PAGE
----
As investors look toward another week of big earnings reports and uncertainty about the financial system, many are hoping that the panic-fueled selloff of the previous sessions will halt, or at least abate.

Investors will be waiting expectantly for any news that emerges from G7 meetings in Washington over the weekend. Finance ministers and central bankers of the world's top economies will be discussing the global financial crisis and formulating strategies to tackle it before the pain gets worse.

Some ideas have emerged before the meeting, including a suggestion by Japan's finance minister to set up a global pool of money through the International Monetary Fund to provide loans to struggling nations. British Prime Minister Gordon Brown has advised that other countries follow his nation's lead by injecting large sums of capital into banks and insuring their funds to spur lending activity. Others have suggested insuring all bank deposits, as Ireland did, or conducting another coordinated cut to global interest rate targets, as several countries did this week.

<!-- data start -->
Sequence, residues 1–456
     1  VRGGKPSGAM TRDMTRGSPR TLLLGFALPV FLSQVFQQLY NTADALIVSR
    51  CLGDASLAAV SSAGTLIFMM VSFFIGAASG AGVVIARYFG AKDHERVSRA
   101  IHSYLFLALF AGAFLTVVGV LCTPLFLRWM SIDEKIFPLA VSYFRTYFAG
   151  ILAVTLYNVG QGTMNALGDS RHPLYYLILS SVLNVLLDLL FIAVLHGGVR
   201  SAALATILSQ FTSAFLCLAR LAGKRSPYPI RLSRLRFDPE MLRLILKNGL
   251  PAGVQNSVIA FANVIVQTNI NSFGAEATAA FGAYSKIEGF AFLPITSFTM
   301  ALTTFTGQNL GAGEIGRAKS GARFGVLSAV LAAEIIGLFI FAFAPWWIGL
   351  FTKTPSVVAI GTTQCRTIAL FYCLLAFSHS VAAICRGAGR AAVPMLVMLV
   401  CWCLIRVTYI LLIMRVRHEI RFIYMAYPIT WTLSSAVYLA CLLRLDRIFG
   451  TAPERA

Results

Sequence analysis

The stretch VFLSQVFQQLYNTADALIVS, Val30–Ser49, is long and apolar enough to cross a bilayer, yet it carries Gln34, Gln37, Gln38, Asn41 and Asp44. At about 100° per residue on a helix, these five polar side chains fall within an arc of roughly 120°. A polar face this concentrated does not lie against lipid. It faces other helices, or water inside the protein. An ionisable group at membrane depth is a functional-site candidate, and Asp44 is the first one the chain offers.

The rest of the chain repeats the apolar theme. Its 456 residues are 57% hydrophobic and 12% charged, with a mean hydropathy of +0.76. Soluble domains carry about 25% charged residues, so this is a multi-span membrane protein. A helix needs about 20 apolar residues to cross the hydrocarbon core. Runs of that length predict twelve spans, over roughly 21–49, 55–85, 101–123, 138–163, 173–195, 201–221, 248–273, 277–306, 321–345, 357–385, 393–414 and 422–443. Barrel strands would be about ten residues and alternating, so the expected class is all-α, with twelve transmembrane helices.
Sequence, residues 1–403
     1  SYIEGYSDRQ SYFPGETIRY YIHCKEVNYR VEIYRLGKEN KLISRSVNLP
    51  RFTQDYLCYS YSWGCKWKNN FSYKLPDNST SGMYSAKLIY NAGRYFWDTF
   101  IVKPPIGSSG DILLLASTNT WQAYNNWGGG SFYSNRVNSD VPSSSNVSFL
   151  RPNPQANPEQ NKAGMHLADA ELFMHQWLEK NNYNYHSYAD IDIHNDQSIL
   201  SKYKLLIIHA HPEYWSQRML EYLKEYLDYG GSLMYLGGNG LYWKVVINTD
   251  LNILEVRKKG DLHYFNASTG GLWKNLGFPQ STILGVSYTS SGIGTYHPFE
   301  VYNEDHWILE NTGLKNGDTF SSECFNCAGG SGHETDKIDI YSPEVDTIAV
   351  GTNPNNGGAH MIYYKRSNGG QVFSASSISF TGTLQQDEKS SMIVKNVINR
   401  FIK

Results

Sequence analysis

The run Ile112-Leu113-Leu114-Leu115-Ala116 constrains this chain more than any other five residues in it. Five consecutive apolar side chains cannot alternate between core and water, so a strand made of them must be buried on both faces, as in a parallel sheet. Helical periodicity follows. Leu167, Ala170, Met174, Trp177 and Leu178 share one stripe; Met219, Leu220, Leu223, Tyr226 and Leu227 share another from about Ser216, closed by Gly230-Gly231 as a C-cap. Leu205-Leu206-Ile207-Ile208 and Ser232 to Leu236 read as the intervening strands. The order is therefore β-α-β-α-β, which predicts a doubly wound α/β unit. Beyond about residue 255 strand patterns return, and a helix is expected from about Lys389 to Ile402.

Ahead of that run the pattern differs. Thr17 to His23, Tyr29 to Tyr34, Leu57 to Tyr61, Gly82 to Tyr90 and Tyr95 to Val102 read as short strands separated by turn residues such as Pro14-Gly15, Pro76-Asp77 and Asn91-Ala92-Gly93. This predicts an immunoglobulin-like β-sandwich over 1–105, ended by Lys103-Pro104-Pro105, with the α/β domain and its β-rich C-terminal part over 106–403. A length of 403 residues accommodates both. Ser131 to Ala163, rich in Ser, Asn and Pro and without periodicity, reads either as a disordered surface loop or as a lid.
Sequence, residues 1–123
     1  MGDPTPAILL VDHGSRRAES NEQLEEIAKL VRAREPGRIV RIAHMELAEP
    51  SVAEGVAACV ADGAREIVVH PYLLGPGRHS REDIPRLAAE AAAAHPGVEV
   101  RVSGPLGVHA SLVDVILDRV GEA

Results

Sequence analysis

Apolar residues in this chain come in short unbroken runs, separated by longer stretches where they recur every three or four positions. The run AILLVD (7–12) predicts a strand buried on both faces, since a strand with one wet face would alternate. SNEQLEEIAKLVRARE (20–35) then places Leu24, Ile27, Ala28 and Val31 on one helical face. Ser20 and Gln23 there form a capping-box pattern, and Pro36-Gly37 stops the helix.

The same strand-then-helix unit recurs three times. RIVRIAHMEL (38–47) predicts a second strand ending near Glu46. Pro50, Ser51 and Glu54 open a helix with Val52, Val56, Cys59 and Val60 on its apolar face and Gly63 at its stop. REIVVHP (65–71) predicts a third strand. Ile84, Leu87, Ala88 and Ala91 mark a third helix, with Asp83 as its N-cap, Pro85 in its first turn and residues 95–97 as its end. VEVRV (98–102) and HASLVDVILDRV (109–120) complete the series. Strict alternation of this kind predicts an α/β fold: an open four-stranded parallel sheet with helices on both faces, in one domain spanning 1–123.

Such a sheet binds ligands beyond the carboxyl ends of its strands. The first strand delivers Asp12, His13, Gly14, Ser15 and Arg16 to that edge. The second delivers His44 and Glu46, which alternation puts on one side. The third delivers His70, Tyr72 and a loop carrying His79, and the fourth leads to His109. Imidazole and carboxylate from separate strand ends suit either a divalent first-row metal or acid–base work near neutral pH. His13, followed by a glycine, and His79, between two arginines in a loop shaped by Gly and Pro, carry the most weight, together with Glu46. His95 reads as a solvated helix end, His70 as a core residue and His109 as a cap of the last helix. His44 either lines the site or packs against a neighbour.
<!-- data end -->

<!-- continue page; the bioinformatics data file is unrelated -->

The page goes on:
The maelstrom of negativity, uncertainty and distrust sapped trillions of dollars in wealth from the U.S. stock market last week, and caused similar cavities in markets around the globe. The dramatic plunge -- some would say crash -- has U.S. regulators considering further action against short-sellers as well as temporary circuit breakers for individual stocks, according to the Wall Street Journal. Italy and Greece banned all short selling on Friday.

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